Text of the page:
When you came to faith, is it something you did or God did? If you did the work, then you can undue it or change it. If you can change what God did, then you are heading down a path of false teaching. Adding anything to the work of Christ is a sure fire sign of heresy.

God Did It, We Believe It. However, if God did it, and God remains unchanged, immutable because he is eternal, then God isn’t the problem. It is we who have changed.

We should repent and not allow the man-made doctrine of this day and age to override the Gospel message the New Testament authors gave us. The early church attests to this Gospel, the early church fathers believed in it and passed it on to the next generation after them.

It is foolish and unwise to think that we are so much wiser than those who have come before us. We might see our generation as so brilliant. “Did they make it to the moon? Then we are smarter,” one might think. No, but neither did you…unless you are one of 12 people that have been there and are reading this.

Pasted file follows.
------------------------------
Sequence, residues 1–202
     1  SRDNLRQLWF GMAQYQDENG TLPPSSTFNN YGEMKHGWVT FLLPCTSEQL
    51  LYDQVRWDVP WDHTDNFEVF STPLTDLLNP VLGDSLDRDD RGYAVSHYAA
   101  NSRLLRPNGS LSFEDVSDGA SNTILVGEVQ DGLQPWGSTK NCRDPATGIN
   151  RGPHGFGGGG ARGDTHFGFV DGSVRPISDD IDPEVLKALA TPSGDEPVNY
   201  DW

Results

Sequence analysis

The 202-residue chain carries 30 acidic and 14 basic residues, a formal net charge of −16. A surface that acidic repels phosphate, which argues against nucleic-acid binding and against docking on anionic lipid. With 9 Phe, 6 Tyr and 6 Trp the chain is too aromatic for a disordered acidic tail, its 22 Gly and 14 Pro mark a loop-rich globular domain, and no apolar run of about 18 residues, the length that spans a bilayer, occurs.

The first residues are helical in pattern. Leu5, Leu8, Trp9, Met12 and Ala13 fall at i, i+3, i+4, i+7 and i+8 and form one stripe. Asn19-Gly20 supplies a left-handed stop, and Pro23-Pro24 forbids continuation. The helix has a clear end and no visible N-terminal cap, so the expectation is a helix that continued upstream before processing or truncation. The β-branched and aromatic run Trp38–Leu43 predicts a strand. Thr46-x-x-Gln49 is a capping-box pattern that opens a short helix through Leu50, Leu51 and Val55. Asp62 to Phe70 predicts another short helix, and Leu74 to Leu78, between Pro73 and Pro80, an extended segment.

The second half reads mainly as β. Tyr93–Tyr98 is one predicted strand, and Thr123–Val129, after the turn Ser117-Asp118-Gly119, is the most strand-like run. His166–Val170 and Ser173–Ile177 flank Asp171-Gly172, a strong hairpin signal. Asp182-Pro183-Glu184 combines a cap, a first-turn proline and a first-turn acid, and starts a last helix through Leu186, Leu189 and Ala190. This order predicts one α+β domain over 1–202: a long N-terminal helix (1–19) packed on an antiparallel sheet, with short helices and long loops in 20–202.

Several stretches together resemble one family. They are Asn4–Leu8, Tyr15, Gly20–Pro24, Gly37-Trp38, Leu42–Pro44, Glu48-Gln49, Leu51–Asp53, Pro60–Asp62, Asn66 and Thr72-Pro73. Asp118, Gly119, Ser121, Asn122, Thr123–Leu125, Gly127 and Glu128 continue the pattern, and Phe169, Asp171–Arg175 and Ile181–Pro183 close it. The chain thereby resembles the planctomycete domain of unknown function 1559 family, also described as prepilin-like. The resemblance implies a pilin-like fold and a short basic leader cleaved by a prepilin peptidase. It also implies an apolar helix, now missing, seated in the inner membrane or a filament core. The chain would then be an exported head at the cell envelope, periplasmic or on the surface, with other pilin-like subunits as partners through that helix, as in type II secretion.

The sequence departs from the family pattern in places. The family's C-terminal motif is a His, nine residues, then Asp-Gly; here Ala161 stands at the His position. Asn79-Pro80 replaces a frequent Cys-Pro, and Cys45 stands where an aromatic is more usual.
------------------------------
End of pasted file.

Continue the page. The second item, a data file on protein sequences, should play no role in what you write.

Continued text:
You are not wiser than those who walked with, talked with, and experienced the living Christ when he walked the earth.

Don’t allow a false teaching to cause you to doubt your faith and walk away. Seek him and you will find him. It is okay to have doubts about God and still pursue Him!

To be continued…

In Truth & Love,
Matthew J. Diaz

Looking forward to your addition to this dialogue.